Despite Israel's best efforts, the U.S. wasn't yet convinced that Israel could serve as the main prop to U.S. power in the region. The U.S. maintained ties with Arab regimes, including Egypt, throughout the 1950s. When Israel, Britain and France went to war against Egypt in 1956, the U.S. opposed the war and forced its allies to back down. The U.S. could afford to show this kind of independence because it knew that Britain's and France's influence in the region was waning. The U.S. thus positioned itself to assume full dominance in the region without its "allies" getting in the way. In 1958, the U.S. sent the Marines to prop up the right-wing Christian regime of President Chamoun in Lebanon. But U.S. efforts didn't stop the rise of Arab nationalists--who overthrew pro-Western regimes in Iraq in 1958 and Yemen in 1962--or their courting of Russian support. The U.S. began to look more favorably on Israel's value as a "strategic asset." A 1958 National Security Council document stated that the "logical corollary" of opposition to radical Arab nationalism "would be to support Israel as the only strong pro-West power left in the Near East." 7
U.S. strategic doctrine relied on building a network of pro-Western states to hem in any Arab regime which bucked the West. Over the years, the U.S. relied on combinations of Turkey, the Shah's Iran, Israel and the Gulf monarchies to forge this alliance. But Israel became the first among these only after its quick victory in its 1967 war. Following months of provocations against its Arab neighbors, Israel struck in June 1967, having planned the war with an eye to throttling Nasserism and conquering what parts of Palestine it hadn't seized in 1948. 8 In six days, Israel crippled the Egyptian, Syrian and Jordanian military forces. It seized the Golan Heights from Syria, the West Bank and East Jerusalem from Jordan and the Gaza Strip and Sinai Peninsula from Egypt. Nothing proved Israel's value to the U.S. better than its blitzkrieg through the Arab states. The U.S. was even willing to forgive and forget Israel's attack on a U.S. surveillance ship, the Liberty, anchored off the Sinai coast. Israeli planes bombed the Liberty, and naval vessels torpedoed it. Thirty-four U.S. sailors died in the attack. 9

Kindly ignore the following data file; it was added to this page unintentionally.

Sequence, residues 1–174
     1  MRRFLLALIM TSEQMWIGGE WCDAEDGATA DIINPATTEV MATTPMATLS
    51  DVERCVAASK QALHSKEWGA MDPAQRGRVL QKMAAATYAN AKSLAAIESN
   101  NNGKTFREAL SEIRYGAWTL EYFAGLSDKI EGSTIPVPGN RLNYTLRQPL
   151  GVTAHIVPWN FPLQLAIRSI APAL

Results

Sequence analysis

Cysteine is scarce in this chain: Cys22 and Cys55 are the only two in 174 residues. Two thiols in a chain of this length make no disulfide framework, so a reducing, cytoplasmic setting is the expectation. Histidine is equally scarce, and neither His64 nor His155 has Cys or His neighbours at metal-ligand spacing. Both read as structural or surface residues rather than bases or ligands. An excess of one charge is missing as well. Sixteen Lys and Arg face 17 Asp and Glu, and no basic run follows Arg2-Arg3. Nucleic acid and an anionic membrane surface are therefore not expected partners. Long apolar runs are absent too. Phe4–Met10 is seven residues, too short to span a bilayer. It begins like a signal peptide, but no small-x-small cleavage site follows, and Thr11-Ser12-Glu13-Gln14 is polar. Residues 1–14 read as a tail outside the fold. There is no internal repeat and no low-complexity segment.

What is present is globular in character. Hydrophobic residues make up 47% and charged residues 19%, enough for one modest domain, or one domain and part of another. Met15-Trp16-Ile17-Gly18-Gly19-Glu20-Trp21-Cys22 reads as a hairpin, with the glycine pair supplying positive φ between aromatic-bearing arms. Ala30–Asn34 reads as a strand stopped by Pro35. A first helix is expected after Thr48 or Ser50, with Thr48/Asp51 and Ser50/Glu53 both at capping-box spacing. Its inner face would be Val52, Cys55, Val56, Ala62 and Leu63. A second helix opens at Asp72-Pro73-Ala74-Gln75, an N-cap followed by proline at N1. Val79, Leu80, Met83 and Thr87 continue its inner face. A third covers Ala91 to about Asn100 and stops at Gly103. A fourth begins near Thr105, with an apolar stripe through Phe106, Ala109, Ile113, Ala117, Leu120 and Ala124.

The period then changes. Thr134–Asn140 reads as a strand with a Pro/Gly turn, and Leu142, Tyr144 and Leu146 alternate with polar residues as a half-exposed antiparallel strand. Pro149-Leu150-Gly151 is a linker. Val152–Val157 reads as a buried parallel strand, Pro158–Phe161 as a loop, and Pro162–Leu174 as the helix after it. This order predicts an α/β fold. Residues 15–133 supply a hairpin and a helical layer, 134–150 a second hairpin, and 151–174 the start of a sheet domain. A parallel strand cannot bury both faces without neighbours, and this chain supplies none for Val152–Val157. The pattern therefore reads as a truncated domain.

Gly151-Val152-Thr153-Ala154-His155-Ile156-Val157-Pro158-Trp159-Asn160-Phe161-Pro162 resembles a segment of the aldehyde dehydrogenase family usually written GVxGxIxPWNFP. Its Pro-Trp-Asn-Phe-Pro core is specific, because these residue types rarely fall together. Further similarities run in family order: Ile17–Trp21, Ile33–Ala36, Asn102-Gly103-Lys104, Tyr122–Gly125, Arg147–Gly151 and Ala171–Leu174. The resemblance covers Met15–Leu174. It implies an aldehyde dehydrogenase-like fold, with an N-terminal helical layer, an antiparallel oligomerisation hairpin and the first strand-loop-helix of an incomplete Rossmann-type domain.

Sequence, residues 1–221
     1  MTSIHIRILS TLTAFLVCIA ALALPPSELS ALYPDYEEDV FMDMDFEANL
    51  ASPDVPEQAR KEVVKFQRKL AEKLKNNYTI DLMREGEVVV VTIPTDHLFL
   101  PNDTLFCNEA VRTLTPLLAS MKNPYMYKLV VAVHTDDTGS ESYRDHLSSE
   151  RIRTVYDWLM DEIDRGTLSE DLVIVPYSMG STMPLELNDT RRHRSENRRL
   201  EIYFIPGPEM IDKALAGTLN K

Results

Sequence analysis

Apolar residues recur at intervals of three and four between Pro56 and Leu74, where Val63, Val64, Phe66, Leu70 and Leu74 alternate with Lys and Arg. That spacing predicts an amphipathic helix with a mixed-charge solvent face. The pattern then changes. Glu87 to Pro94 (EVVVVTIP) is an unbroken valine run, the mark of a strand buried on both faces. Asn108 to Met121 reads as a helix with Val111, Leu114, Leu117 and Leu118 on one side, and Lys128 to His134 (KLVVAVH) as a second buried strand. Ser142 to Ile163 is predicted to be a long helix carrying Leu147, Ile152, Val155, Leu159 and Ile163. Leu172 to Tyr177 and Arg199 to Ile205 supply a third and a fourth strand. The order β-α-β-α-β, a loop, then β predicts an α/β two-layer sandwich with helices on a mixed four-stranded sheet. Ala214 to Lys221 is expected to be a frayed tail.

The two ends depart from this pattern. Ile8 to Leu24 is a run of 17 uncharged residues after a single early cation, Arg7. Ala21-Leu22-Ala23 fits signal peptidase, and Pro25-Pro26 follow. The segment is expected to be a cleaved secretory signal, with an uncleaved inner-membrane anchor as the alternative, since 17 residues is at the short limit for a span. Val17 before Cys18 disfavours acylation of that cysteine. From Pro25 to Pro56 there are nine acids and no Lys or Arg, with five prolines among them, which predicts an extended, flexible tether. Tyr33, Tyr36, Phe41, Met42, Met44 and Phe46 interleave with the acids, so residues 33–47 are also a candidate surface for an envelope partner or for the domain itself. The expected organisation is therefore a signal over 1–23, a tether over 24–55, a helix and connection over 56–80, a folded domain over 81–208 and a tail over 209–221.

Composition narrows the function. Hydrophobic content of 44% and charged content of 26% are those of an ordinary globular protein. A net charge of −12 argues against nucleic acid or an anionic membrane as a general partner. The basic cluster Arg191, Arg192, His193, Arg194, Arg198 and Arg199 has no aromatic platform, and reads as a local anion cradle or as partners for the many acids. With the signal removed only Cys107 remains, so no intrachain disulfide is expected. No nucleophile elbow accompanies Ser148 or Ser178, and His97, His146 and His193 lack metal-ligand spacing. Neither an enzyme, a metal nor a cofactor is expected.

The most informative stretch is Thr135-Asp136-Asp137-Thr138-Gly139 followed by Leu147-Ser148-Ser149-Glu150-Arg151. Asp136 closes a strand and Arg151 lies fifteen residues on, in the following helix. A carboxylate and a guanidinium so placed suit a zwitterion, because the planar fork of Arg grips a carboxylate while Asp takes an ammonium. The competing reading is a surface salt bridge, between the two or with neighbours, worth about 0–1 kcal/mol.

The payoff from the U.S. to Israel was immediate. Between 1967 and 1972, total U.S. aid to Israel jumped from $6.4 billion per year to $9.2 billion per year. U.S. loans for Israeli purchases of U.S.-made weapons jumped an average of $22 million annually in the 1960s to a yearly average of $445 million between 1970 and 1974. The U.S. Congress even allowed the Pentagon to hand weapons to Israel without expecting any payment. House Speaker John McCormack noted in 1971 that "Great Britain, at the height of its struggle with Hitler, never received such a blank check" in U.S. military aid. 10 Israel had finally gained its desired status as "strategic asset" to the U.S. in the Middle East. Democratic Sen. Henry ("Scoop") Jackson, nicknamed the "Senator from Boeing" for his hawkish views, pronounced in May 1973 that "the strength and Western orientation of Israel on the Mediterranean and Iran on the Persian Gulf safeguards U.S. access to oil." They have "served to inhibit and contain those irresponsible and radical elements in certain Arab states, who, were they free to do so, would pose a grave threat indeed to our principle sources of petroleum in the Persian Gulf." 11
Israel's role as regional enforcer for the U.S. fit the Nixon Administration's post-Vietnam policy of subcontracting U.S. foreign policy to local client states. Nixon and his errand boy, National Security Adviser and later Secretary of State Henry Kissinger, assembled a "strategic triangle" of Saudi Arabia, the Shah's Iran and Israel to guard U.S. interests in the Middle East. The Nixon administration remained "firmly committed to Israel's security and to her military superiority in the Middle East, for only Israel's strength can deter attack and prevent a call for direct American intervention," the pro-Zionist New York Times explained. 12 During the 1973 war between Egypt and Israel, Nixon put U.S. forces on nuclear alert. Nixon willingly risked nuclear war to protect the U.S.'s "strategic asset."
Doing the U.S.'s Dirty Work
Israel took to its newfound U.S. responsibilities with gusto. When King Hussein moved to crush Palestinian guerrillas in Jordan in September 1970, Syrian tanks invaded Jordan. Fearing that Palestinian and Syrian resistance would topple his regime, Hussein pleaded with the U.S. and Israel to intervene. Kissinger relayed this message to Israeli Defense Minister Yitzhak Rabin: "King Hussein has approached us, describing the situation of his forces, and asked us to transmit his request that your air force attack the Syrians in northern Jordan. I need an immediate reply." Rabin objected to the U.S. acting as a "mailman" for Jordan, but he agreed to comply with the request. The IDF mobilized its forces, giving Jordan cover to attack the Syrians. Within a day, Hussein had regained control of Jordan and proceeded to expel Palestinian guerrillas. The IDF never carried out its attack plans. 13
The Jordanian crisis highlighted one of Israel's chief values to the U.S.--helping to prop up reactionary regimes in the Middle East. But Israel didn't confine its dirty work for the U.S. to the Middle East. Since 1948, just about every pro-U.S. repressive dictatorship in the world has received some kind of overt or covert Israeli aid. The U.S. funnels weapons and aid through Israel when it wants to evade congressional bans on aid to repressive regimes. The U.S. and the CIA subcontract training of death squads and terrorists to Israel.
Consider the following examples: